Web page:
<figure> <video poster="https://cdni.rt.com/files/2018.11/thumbnail/5bf12b98dda4c8fb578b4650.JPG"> <source src="https://cdnv.rt.com/files/2018.11/5bf12bf9fc7e93e8178b45fc.mp4" type="video/mp4" /> </video> <figcaption>‘My deal is right’: May defends Brexit divorce plan despite MP rebellion and cabinet resignations</figcaption> </figure> <strong>Amid a string of resignations and huge backlash from rebel MPs, Prime Minister Theresa May still believes her draft Brexit deal with the EU will help secure British jobs, protect borders, and smooth the UK’s exit from the bloc.</strong> In a combative piece for the Sun on Sunday, May insisted that the preliminary agreement she recently negotiated with Brussels will be <em>“a deal that works.”</em> Reiterating the main points of the draft Brexit accord, she maintained that <em>“the course I have set is the right one for our country.”</em>
Lamenting some “difficult decisions” that she had to make, as well as the recent string of cabinet resignations, May argued that the deal will first of all end the free movement of immigrants into the country. “For the first time in a generation or more we will decide who comes to this country and, just as importantly, who does not,” the defiant prime minister said.
Going further, May suggested her Brexit deal will protect “millions of British jobs across the country,” end sizeable annual payments to the EU budget, and make sure the European Court of Justice has no jurisdiction over the UK.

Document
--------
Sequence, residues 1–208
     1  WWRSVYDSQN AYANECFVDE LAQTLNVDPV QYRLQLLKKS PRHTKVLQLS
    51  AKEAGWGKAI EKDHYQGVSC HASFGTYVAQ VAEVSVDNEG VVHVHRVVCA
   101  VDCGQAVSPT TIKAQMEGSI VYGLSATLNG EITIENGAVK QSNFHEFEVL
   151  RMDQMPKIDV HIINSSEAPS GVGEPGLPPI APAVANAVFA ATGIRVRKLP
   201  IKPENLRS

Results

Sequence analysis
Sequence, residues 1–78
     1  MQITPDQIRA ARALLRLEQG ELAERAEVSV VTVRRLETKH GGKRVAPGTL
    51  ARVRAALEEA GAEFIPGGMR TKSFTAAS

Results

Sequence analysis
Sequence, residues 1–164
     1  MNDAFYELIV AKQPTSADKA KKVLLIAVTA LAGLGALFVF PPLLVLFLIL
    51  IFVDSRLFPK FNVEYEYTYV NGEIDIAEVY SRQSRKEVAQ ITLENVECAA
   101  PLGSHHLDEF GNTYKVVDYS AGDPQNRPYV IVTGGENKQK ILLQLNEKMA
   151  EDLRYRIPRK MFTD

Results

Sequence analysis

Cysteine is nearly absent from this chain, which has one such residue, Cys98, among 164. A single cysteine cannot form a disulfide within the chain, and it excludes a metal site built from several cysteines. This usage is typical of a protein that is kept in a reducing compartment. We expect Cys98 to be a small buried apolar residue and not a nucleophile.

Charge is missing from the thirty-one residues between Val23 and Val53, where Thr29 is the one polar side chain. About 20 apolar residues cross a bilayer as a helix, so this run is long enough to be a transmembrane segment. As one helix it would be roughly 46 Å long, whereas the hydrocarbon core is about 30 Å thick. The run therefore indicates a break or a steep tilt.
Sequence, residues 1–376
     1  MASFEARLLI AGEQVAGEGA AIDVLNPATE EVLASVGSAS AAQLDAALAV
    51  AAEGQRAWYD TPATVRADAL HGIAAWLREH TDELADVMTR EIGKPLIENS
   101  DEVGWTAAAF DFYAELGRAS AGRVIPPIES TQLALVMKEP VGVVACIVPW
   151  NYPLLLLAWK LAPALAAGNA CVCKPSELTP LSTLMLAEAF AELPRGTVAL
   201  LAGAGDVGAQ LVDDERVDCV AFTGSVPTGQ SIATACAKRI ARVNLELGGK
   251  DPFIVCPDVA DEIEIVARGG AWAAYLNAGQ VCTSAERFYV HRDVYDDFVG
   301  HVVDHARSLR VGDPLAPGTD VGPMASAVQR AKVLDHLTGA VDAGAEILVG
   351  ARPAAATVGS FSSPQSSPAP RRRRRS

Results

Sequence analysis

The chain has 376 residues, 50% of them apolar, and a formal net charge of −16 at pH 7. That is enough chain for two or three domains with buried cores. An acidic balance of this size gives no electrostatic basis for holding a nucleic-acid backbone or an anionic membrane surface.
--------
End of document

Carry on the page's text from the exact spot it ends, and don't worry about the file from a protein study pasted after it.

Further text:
“Make no mistake – the hard-fought deal that is now in sight will do all of those things,” she wrote. In the end, May claimed that her deal will let London and Brussels divorce smoothly but “not letting it drag on forever” – the promise which critics say is impossible to deliver.
For the main part, the article seems to be a last-ditch effort to win some of the public trust amid Brexit turmoil. It also comes at quite an uneasy time for the beleaguered prime minister as she faces growing rebellion among fellow Tories and a massive backlash from the opposition.
On Wednesday, May stated that the draft deal – published in full by the European Commission – is the best that could be negotiated, and is in the country’s interest. She then suddenly raised stakes, saying that “the choice before us is clear – this deal or leave with no deal.”
Nevertheless, it emerged that multiple backbenchers were calling publicly for a no-confidence vote in May’s leadership. By the end of this weak, the number of rebel MPs grew further, and some observers even predicted that May is in danger of losing her job.
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She had managed to secure cabinet approval for the draft Brexit deal after a five-hour meeting at 10 Downing Street on Wednesday, but it was followed by a string of high-profile resignations.
Shailesh Vara, the minister of state at the Northern Ireland Office, was the first top official to resign. Dominic Raab – the man charged with negotiating and finalizing the deal – followed suit, as did Esther McVey, secretary of state for work and pensions. More resignations followed, bringing the total number of departures to seven.
Raab, himself an ardent Brexiteer, attacked May on Sunday, claiming that the prime minister had effectively caved in to EU “bullying.” He stated: “If we cannot close this deal on reasonable terms we need to be very honest with the country that we will not be bribed and blackmailed or bullied and we will walk away.”
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